KARACHI: Finally the mail popped up on Friday evening, not that there was much to expect but FIFA replied more like an agency bound to protect, promote and endorse the politicians who have been responsible for damaging the beautiful game of football in Pakistan.
It sent out a loud and clear message that it really does not care about how football is run in the smaller nations, when in fact it is their job to make every possible effort to assure the transparency in countries like Pakistan.
But the message is clear that FIFA cannot care much about it because they have better things to do. They cannot investigate and their complacency in the Pakistan Football Federation’s case is appalling, as the association is run by a politician Makhdoom Syed Faisal Saleh Hayat, who has been accused of fund embezzlement too, never finishing any of the FIFA goal-projects either and only using the federation to increase his clout.
Since his president-ship started in 2003, football has not thrived much. Pakistan hit the worst FIFA rankings at 203 in last three years, courtesy his ambition to stay in the office and compromising all football activities, domestic and international, making the players suffer and making them lose their time.
FIFA’s Member Association Committee discussed the PFF’s case on September 26, but it took them almost a week to even send their decision out to the media.
But FIFA is contradicting itself sentence by sentence.
“We can confirm that the situation of the Pakistan Football Federation was discussed by FIFA’s Member Associations Committee on September 26, 2018,” FIFA Spokesperson said in the email.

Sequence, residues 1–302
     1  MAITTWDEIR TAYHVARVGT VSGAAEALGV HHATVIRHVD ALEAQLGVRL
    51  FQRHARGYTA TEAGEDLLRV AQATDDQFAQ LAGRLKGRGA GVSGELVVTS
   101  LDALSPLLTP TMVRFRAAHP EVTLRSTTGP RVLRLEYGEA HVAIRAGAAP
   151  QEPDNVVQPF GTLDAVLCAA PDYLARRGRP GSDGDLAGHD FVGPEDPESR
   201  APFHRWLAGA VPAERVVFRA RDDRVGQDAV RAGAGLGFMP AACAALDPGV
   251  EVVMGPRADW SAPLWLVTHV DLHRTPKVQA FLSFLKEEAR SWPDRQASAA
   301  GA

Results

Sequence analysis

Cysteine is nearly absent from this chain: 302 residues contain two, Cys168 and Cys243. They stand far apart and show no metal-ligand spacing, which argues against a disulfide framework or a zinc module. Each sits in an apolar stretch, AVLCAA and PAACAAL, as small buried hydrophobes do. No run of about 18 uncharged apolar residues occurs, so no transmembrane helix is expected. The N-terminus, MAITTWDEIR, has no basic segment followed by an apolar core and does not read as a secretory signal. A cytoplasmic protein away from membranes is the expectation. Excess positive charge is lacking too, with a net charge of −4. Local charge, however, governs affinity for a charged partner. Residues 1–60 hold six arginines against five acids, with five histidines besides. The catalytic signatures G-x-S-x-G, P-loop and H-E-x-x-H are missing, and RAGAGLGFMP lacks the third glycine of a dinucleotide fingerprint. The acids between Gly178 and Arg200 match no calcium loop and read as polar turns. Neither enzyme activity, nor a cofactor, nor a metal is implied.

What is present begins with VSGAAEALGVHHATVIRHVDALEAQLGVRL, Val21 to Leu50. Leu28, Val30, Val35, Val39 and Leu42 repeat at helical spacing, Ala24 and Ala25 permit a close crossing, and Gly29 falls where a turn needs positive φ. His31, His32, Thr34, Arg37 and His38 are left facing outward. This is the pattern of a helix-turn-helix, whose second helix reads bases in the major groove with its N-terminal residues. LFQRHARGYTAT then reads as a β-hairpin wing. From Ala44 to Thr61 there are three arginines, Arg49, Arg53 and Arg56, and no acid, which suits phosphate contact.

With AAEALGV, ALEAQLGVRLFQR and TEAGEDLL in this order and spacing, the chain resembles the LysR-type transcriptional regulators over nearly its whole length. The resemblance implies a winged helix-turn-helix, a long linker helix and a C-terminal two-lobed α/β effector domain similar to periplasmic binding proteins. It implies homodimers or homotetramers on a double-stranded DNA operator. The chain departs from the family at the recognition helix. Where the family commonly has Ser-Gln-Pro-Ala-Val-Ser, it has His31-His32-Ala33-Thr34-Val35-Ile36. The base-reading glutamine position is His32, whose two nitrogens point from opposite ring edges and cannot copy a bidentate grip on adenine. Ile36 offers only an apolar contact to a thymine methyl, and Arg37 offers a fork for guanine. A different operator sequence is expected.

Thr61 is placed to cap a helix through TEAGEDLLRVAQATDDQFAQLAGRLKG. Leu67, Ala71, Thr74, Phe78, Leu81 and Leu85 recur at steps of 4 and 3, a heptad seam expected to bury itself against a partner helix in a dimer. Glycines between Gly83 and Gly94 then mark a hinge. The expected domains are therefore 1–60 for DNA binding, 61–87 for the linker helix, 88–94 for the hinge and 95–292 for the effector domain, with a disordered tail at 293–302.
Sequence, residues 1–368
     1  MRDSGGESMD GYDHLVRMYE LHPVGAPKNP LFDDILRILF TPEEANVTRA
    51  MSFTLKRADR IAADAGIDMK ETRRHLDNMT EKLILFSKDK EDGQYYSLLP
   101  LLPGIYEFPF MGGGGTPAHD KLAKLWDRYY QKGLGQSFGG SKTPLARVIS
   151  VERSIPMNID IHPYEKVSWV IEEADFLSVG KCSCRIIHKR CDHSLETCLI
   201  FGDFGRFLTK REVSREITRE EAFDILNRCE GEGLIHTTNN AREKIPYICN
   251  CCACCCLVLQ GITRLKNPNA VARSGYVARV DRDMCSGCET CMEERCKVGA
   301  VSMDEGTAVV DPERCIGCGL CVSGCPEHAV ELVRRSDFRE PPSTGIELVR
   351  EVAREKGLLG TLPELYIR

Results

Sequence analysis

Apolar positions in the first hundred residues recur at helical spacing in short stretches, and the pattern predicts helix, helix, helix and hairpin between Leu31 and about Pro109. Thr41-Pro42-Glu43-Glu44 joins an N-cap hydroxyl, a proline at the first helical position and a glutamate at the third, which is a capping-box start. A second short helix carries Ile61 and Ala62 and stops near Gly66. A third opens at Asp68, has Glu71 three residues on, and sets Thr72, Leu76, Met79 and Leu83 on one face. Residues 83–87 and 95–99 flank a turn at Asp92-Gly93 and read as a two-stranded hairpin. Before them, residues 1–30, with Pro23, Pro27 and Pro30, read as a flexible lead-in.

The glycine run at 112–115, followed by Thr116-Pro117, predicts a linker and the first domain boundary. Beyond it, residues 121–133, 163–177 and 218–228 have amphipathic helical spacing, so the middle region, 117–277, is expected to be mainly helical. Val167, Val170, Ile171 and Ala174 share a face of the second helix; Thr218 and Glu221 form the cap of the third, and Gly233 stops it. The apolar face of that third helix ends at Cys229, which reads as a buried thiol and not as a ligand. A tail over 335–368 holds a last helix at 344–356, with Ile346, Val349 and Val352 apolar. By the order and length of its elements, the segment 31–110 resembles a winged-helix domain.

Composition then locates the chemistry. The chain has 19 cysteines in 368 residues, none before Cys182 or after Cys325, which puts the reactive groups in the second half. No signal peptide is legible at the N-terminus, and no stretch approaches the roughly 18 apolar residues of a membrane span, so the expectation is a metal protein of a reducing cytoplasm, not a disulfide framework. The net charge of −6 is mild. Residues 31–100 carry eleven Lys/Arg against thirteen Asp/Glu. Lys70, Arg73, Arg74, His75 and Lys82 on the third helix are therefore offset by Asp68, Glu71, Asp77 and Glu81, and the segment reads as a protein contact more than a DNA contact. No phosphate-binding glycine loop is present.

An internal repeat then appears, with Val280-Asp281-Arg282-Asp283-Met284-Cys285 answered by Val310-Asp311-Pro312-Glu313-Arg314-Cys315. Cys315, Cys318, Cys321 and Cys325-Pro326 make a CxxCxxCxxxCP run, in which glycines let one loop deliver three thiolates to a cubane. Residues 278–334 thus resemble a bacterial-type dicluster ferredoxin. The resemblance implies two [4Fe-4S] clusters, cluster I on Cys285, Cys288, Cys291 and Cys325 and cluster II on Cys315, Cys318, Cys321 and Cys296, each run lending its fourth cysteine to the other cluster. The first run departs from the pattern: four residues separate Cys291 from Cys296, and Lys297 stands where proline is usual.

“During its discussions, the Committee underlined that the original mandate of the PFF executive committee (i.e. June 2015 until June 2019) should in principle be respected.
“However, it acknowledged that certain important steps needed to be taken to ensure that the PFF elections are carried out properly. In particular, the Committee noted that the PFF Statutes need to be aligned with the requirements of FIFA and the FIFA Statutes as well as that the clubs eligible to participate in the electoral process have to be scrutinized.”
FIFA here fails to explain why they gave Hayat a two-year extension in September 2015 too.
Back then if they had sent the three-member mission to look at the facts, and admitted that PFF statutes are faulty and not updated as per FIFA requirement, why did the international body even bother to give that two-year extension when they found inconsistencies, not that Hayat had any shortage of time prior to 2015 to update the PFF statutes.
Meanwhile, the FIFA Member Association Committee is not reportedly not full of saints. It has officials in it like Central African Repulic’s Patrice Edouard Ngaissona, who is former militia leader and had been pointed out by the human rights groups for committing war crimes and crimes against humanity, which he denies.
And another member like Seirra Leone’s Isha Johansen enjoys unconditional support from FIFA, despite being charged for abuse of power in the office and misuse of public funds by her own country’s Anti-Corruption Commission.
In fact, he manipulated them to win his fourth term with the help of a tailored Congress, with members who have nothing to do with football that selected him as the President in Changla Gali that year, despite Lahore High Court’s order to not hold the elections at all.